‘Christopher Robin’ is delightful, but predictable

Ewan McGregor, Brad Garrett, Jim Cummings, and Nick Mohammed in Christopher Robin (2018)

Christopher Robin (2018)

Directed by Marc Forster

Disney rehashes many of A.A. Milne’s original stories and trots out plenty of classic Pooh-isms in its sweet-as-honey follow-up to the 90-year-old tales of Christopher Robin (Ewan McGregor) and his lovable, furry friends from the Hundred Acre Wood. Sure, the plot of “Christopher Robin” (which finds the title character as a grown man prioritizing business over his wife and daughter) is about as predictable as movies come, but that doesn’t make it any less enjoyable. Not in this case, at least.

Ewan McGregor and Jim Cummings in Christopher Robin (2018)

I was worried when I heard that “Christopher Robin” would ditch the animation style of “Nine Old Men” club members Eric Larsen and John Lounsberry (and Frank Thomas, Ollie Johnston, and Milt Kahl, also of the famed Disney animator group, who created the Tigger and Piglet animations we know and love) in favor of a more realistic CGI take on the characters. Though they make occasional use of E.H. Shepard’s book illustration style during some scene transitions, for the most part the style that we’re used to is gone. So, too, are (most of) the voices we’ve gotten used to hearing. Sterling Holloway, who voiced Pooh in the earliest Disney shorts, died back in 1992. John Fiedler, the original voice of Piglet, died in 2005 after last voicing the character in “Piglet’s Big Movie.” The others either passed away or retired from voicing their characters, but even 2011’s “Winnie the Pooh” adaptation had a more faithful voice cast than we have here. The only saving grace is Jim Cummings, who has voiced both Pooh and Tigger since the late 1980s. Without him, I don’t think I would have liked the movie at all. Taking away the classic hand-drawn animation style (the 2011 film was Disney’s last hand-drawn film until “Moana”) and most of the familiar vocal actors was almost enough to ground “Christopher Robin” before take-off, but the film’s reliance on Pooh and Tigger (as well as Ewan McGregor) gave it a chance to succeed. Plus, I guess Brad Garrett’s fitting Eeyore voice does the job. But that’s about all the credit I’m willing to give in this department.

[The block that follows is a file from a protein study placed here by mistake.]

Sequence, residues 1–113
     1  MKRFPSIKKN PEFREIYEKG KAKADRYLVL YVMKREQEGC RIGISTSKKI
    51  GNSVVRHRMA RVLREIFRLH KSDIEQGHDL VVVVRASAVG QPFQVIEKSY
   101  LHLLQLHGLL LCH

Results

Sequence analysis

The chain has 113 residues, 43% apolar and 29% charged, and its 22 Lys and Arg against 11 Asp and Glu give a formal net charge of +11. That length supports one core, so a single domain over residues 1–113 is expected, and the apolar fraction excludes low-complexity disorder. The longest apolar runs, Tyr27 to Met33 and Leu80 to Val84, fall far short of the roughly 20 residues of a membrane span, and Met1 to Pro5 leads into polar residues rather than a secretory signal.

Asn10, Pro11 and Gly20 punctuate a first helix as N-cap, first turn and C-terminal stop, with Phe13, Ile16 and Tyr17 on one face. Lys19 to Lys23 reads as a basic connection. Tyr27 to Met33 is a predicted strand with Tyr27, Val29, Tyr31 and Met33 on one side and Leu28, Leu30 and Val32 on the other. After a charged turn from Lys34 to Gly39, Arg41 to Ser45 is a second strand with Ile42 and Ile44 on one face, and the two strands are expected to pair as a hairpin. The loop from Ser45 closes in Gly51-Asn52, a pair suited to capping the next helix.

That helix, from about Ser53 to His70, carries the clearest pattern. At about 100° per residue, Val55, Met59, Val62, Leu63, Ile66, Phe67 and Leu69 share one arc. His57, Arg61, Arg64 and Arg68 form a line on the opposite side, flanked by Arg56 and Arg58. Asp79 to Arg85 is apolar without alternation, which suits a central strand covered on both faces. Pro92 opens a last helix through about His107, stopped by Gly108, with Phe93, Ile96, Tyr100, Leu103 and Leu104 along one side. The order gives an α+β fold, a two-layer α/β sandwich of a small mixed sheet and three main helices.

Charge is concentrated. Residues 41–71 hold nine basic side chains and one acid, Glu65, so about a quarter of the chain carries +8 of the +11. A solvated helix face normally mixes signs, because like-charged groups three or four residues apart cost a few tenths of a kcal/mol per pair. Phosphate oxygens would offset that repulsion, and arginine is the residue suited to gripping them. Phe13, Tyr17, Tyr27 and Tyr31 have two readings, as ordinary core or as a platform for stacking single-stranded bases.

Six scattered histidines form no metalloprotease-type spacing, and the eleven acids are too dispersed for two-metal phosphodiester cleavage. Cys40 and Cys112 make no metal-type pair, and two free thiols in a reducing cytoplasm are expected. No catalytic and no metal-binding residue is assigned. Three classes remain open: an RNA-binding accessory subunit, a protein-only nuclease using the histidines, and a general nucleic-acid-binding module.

It’s true that “Christopher Robin” is front-loaded with enough “workaholic absentee father” sadness to make anyone feel a little down. And that Christopher’s inevitable turnabout (with the help of his pals and his daughter, of course) can be seen from a mile away. But somehow, none of that matters, because Ewan McGregor is characteristically impeccable and because A.A. Milne gave the world a treasure trove of wonderful stories and quotes to pull from. Pooh spends the movie quipping things like “People say nothing is impossible, but I do nothing everyday” that you can’t help but find adorable and agreeable. Plus, Let’s face it: even on their worst days, Disney doesn’t make bad movies, and neither does Winnie the Pooh. “Christopher Robin” is a perfectly sweet family movie full of everything everyone loves about the adventures of Winnie the Pooh and friends.


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